Skin cancer camera selling like hotcakes
The fight against skin cancer has just gotten a little easier with a new camera designed by Kiwi technicians.
MoleMap, a melanoma surveillance company, has launched a camera and software system it developed in-house to photograph potential skin cancer more accurately and easily.
The camera was unveiled in May at a world congress on demoscopy in Brisbane, where it sold out immediately.
MoleMap chief executive Adrian Bowling expects to sell hundreds of cameras each year, mainly to doctors needing simple technology to snap and store images of suspicious moles.
"It has a worldwide demand. We have a distributor in the US who plays in this space... They've done their market research and they think we got, for the lifetime of this particular camera, probably 5-10,000 units."
He said the camera was developed initially because the commercial cameras MoleMap was adapting would regularly change.
"We were always having to modify our design to keep up to date with their technology.
"And on top of that, when you use a commercially available camera, they have all this flexibility and all these buttons and menus, and it's just a nightmare when you wanted to get a nurse or doctor to use it. It was just too hard."
So four years ago MoleMap set about developing a simpler version, initially using engineers out of GPS system manufacturer Navman.
Although it is manufactured by a short-run specialist in the US, Bowling says the camera is Kiwi-designed, "right from the camera computer chip upwards". The electronic boards are Kiwi-made and New Zealand-based company CodeBlue provides IT support.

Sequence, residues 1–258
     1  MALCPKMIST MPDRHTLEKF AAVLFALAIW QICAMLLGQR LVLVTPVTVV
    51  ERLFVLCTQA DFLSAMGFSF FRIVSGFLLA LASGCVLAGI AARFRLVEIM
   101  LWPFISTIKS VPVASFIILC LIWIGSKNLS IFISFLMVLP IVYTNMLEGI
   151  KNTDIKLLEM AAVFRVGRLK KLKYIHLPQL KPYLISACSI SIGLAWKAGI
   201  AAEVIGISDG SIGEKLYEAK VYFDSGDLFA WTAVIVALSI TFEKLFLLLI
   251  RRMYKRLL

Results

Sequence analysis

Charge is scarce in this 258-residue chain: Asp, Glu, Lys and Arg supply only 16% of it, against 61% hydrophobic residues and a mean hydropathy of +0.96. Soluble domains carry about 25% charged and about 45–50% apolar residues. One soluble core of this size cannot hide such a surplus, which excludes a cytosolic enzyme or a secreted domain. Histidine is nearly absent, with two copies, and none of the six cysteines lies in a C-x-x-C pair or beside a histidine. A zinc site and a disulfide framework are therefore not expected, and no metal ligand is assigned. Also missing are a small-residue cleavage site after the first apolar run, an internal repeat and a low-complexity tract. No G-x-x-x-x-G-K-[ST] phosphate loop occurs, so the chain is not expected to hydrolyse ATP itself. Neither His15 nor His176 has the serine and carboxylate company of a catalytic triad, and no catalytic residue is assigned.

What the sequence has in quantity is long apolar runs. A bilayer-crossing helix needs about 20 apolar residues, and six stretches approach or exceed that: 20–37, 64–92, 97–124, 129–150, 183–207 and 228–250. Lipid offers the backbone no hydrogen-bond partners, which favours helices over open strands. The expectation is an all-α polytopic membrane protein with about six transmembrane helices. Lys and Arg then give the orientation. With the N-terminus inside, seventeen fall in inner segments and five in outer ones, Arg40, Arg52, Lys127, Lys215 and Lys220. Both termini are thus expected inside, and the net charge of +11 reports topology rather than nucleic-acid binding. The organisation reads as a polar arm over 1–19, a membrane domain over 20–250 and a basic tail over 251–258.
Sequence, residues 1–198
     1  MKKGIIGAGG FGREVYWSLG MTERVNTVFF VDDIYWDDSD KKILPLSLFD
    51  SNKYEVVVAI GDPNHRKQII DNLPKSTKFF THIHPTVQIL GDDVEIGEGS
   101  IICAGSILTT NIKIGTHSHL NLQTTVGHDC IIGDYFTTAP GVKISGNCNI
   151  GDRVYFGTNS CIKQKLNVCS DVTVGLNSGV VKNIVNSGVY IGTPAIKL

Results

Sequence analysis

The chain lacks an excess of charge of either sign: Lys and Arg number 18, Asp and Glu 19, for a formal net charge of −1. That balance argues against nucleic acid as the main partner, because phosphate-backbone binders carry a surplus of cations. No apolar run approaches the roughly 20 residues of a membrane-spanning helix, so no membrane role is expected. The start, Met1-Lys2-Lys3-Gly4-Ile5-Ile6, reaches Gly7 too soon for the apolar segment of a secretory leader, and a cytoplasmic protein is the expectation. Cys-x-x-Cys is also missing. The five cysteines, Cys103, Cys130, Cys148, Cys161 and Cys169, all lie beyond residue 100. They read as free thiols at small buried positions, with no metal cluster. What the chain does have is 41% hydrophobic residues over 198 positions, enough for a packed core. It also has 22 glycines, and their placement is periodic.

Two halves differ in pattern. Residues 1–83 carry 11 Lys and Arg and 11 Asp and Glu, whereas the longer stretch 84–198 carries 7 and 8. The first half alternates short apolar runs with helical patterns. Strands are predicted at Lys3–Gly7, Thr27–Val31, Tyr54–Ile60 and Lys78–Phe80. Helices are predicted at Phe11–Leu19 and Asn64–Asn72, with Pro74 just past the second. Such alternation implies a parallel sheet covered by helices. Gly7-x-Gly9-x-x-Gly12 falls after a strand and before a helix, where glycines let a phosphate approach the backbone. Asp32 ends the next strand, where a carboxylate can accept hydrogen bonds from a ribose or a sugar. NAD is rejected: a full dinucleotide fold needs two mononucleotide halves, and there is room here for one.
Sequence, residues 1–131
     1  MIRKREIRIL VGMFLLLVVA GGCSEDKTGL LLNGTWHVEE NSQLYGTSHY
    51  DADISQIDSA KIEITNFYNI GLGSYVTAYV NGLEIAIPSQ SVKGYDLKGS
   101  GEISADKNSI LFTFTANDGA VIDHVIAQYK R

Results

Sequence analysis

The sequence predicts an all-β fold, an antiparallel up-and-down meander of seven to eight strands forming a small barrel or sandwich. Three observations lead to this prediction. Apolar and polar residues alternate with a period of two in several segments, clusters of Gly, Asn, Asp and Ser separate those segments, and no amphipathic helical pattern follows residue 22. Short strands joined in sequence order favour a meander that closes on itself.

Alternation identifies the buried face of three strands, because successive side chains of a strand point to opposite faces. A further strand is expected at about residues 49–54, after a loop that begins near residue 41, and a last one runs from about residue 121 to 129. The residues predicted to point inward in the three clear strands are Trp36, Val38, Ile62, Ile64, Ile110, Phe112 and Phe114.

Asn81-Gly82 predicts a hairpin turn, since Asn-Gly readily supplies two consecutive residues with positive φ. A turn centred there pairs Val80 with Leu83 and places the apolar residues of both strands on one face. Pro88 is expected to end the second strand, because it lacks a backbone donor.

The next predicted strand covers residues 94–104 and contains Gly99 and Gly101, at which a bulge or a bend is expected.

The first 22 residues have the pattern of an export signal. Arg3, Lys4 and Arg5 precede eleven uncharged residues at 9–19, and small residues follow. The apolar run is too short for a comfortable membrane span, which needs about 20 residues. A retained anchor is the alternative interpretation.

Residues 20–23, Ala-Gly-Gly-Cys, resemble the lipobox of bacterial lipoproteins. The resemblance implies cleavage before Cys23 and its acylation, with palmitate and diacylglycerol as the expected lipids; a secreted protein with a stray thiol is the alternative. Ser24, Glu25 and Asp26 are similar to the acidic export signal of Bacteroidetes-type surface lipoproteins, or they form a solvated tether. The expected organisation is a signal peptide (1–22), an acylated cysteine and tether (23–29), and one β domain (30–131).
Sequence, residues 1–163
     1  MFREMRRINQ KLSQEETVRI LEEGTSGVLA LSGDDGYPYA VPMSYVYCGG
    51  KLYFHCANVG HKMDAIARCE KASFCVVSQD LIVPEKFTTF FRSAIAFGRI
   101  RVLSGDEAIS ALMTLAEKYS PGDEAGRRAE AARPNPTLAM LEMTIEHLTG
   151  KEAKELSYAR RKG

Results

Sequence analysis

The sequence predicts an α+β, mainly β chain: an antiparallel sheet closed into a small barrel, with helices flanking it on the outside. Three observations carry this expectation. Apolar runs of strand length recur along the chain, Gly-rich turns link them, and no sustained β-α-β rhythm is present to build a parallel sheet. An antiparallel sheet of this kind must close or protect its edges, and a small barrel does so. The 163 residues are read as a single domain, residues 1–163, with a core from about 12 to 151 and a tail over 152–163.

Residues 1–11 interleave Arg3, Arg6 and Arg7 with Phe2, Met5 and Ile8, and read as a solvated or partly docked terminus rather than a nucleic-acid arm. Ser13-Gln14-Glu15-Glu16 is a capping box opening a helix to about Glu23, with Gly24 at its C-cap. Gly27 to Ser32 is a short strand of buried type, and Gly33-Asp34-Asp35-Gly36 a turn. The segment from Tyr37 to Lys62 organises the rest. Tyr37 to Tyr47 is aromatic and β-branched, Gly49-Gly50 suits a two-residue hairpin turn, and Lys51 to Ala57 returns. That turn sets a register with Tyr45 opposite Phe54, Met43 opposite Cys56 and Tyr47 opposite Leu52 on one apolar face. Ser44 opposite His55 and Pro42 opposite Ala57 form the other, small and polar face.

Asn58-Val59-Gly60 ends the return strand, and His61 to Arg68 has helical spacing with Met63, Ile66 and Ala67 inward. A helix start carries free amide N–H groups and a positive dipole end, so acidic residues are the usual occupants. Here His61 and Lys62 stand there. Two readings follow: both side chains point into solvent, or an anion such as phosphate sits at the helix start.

It sells for about $3000 including software.
While MoleMap plans to target the US and Europe, it expects Australasia to be the camera's biggest market, given its high rate of skin cancer. More than 300 New Zealanders die of melanoma each year.
Bowling said the camera would provide useful additional revenue to its main business, which now has nearly 50 clinics in New Zealand, Australia and the US.
The clinics, which "store and forward" images to dermatologists for diagnosis, see around 30,000 patients a year and generate an annual turnover of about $8 million.
Bowling said there was a lot of growth potential in the US but the company needed to develop its American and Australian markets before entertaining any thoughts of going public.
"We did [think about it] at one stage, but I think we've got to grow a bit bigger before we do that."
- © Fairfax NZ News
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